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Is the child the father of the political man?

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Some of the enduring questions in the social sciences concern the origins of our political sentiments. For example, why do some support generous welfare provisions, whereas others favour minimal government-level intervention? And why are some advocates for tighter border controls, whereas other embrace immigration as a cultural good? Although the origins of such attitudes almost certainly reflect multiple factors, individual differences in specific personality traits and general intelligence have often been posited as an important driving influence. However the vast majority of this work has been cross-sectional and thus limits our causal understandings of these putative links; that is, reverse causation (or some other causal path) might be at play.

Some of my recent research work has sought to address this gap in knowledge. In this talk I will present results from studies of two large UK longitudinal cohorts of individuals for whom measures of childhood temperament and general intelligence, as well as adult socio-political attitudes, were available. The findings strongly indicated that political attitudes are (in part) grounded in early childhood psychological characteristics; however, the results also deviated notably from previous findings in the literature suggesting that new perspectives concerning the origins of political attitudes need to be considered.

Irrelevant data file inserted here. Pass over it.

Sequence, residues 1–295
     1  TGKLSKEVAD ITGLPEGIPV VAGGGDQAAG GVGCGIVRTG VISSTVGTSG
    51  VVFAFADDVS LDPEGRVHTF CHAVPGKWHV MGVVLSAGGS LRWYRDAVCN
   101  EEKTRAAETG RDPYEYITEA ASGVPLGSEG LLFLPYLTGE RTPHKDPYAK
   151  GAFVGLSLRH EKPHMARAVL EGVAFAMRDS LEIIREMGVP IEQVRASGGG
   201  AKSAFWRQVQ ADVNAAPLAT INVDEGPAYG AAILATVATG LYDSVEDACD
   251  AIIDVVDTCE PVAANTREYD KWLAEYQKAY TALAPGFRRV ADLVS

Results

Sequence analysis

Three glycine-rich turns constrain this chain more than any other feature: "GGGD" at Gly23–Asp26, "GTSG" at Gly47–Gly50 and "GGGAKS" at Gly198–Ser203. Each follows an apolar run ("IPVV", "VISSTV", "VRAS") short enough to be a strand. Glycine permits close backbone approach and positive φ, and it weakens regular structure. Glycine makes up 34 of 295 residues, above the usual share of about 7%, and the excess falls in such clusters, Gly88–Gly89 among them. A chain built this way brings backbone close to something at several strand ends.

Dr Gary Lewis is a senior lecturer in psychology at Royal Holloway, University of London. His research is broadly concerned with the study of human individual differences and he has specific interests in personality, social attitudes, and social perception. He uses a range of methods to answer questions in these areas, including neuroimaging, quantitative genetics, and behavioural experiments.

This talk is part of the Social Psychology Seminar Series (SPSS) series.

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